"Just Another Victim of the Ambient Morality" <ihatespam / hotmail.com> wrote 
in message news:0pg0j.14858$zb2.9793 / fe02.news.easynews.com...
>
> "Alvaro Perez" <alvaro.pmartinez / gmail.com> wrote in message 
> news:8b39ce45165efee679037915d6b29bb0 / ruby-forum.com...
>> Hi there,
>>
>> something that I think should not be very difficult, but i'm struggling
>> with:
>>
>>  def find(name, where)
>>      for father in where
>>         if (father.name==name) then
>>             found = thing
>>             break
>>         else
>>             find(name, father.children)
>>         end
>>      end
>>      found
>>  end
>>
>> I have an array with parent objects, some of them have children. I want
>> to find an object with the same name and return in, otherwise nil.
>>
>> The problem is that, once I start searching inside the children of some
>> father, and I found what I'm looking for, I break the loop inside (array
>> father.children). But then the search continues in the level above. I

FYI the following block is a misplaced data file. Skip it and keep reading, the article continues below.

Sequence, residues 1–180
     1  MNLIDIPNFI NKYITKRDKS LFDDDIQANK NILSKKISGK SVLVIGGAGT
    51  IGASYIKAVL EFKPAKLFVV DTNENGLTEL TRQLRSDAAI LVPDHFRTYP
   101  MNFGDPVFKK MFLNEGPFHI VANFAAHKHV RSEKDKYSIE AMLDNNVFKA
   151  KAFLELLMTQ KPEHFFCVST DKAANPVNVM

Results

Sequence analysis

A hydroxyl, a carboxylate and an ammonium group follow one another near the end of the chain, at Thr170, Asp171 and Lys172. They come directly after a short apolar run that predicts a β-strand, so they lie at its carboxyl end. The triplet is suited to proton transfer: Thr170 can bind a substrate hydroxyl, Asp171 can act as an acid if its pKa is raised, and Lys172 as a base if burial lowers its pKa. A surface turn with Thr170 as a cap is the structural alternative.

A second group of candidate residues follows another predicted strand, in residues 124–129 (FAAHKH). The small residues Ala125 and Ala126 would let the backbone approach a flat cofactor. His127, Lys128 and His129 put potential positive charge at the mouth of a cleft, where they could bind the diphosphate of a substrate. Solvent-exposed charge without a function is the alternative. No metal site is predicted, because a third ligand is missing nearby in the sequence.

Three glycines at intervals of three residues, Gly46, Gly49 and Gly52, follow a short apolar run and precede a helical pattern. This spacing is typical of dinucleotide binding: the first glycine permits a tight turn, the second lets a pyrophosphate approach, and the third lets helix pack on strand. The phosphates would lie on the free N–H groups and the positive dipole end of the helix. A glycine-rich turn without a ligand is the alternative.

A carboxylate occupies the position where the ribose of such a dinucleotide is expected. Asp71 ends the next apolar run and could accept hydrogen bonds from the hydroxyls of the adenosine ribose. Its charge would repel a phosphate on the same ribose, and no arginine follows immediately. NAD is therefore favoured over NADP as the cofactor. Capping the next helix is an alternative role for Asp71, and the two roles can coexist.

>> would like to break the complete search. How can it be done?
>
>    I don't understand, exactly, what you're doing but there are some 
> things that are obviously wrong with your code and some techniques you 
> should probably know to implement what you're doing.
>    First of all, have you tested your own code?  Your find() method 
> doesn't even store the value of its recursive call.  It might still work 
> if that recursive call is the last thing your method does but you 
> explicitly evaluate the variable "found," ensuring that the recursed value 
> is never returned since it can never be the last thing done.
>    Secondly, using literal for loops is very pythonic and, thus, un-ruby 
> like.  Wouldn't you rather where.each through elements?
>    Finally, there are many different ways to solve your problem.  If where 
> is enumerable, you can use the find method:
>
> def weird_find(name, container)
>    container.find do |father|
>        if father.name == name
>            father  # Is this what you're looking for?
>        else
>            weird_find(name, father.children)
>        end
>    end
> end

    Actually, I was hitting the crack pipe pretty hard when I wrote this bit 
with find().  It doesn't do what I thought it did.
    You'll just need to use each with break...

def weird_find(name, container)
    container.each do |father|
        if father.name == name
            found = father  # Is this still what you're looking for?
            break
        else
            found = weird_find(name, container)
            break if found
        end
    end
    found
end

    ...this is untested but should work...